They played for the love of the game.
The “Camanche Indians” were what we would consider now a semi-pro team, much like the Iowa Cubs based in Des Moines with the Chicago Cubs.
Although there was no official affiliation with the famous Chicago Cubs, you better believe that whoever it was that took notice of those home town teams was watching.
Around 1950, my dad was asked by the Chicago Cub organization to come and pitch for them. I was only three years old, so I really wasn’t aware of this, but I can only imagine the excitement he must have felt.
He didn’t accept the invitation. Not sure why, something about my Mom not wanting to move to the windy city of Chicago.
With all the excitement of the Cubs winning the World Series last year, I began to hear from family and friends back in eastern Iowa about the possibility of me writing a book about this group of baseball players. This group of men were not only accomplished athletes, they all were very hard working men. They all were married, with families and mouths to feed. I have been told, they were all good, loyal friends with each other, and all characters.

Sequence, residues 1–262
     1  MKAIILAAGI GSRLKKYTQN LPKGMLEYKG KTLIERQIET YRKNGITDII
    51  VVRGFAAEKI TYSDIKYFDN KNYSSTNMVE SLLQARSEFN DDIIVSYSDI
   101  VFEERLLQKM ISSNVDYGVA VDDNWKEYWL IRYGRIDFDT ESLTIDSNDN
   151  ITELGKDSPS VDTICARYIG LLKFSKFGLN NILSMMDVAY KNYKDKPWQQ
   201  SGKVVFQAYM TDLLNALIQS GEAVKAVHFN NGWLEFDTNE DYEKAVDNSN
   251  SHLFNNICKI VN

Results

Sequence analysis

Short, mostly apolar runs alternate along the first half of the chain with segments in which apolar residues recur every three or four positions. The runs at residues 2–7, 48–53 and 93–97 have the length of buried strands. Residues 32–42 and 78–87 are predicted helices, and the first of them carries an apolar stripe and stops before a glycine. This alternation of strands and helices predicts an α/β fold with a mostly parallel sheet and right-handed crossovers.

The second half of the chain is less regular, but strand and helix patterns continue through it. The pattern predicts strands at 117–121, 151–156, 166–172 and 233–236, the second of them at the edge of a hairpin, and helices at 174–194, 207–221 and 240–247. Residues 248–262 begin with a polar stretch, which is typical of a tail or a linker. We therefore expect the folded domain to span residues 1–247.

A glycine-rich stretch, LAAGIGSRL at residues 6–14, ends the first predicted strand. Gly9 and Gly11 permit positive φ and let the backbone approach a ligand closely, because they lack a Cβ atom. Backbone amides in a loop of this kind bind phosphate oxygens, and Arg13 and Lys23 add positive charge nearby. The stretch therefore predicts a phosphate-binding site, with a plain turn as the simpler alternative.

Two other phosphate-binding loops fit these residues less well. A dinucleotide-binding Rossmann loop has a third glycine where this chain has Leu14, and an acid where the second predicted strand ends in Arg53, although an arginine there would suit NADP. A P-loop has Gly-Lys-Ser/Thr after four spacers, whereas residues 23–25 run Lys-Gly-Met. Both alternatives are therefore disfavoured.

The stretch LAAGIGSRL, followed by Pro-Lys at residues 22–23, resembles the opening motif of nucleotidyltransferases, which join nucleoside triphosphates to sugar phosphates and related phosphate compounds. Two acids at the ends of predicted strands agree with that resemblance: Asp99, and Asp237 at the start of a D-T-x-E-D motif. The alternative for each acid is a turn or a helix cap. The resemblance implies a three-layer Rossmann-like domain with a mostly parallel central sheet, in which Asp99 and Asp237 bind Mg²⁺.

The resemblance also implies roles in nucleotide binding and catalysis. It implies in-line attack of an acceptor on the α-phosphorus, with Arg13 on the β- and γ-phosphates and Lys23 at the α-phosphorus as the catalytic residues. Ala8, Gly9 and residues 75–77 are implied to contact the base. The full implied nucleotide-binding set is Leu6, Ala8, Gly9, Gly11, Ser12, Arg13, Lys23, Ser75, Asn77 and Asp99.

Again, no pay, they played for the love of the game.
I tossed around the idea of writing a book about these town heroes and just didn’t know if I had the time or the energy. Then a few things started to fall into place that changed my mind.
First, Sam McKenrick, is the last living member of this team. He wants to talk baseball with me. Sam has children my age, we all grew up together.
Then other community members from Camanche were in touch with me. They want me to write about this team. They would share their remembrances about their ballplayers with me.
Still undecided, I thought that I would do some research and call a meeting of family and fans back in eastern Iowa. The meeting was held at the Camanche Library and the reception and turnout was amazing.
The final thing that made me say yes, was a telephone call and a visit to the Camanche Historical Society.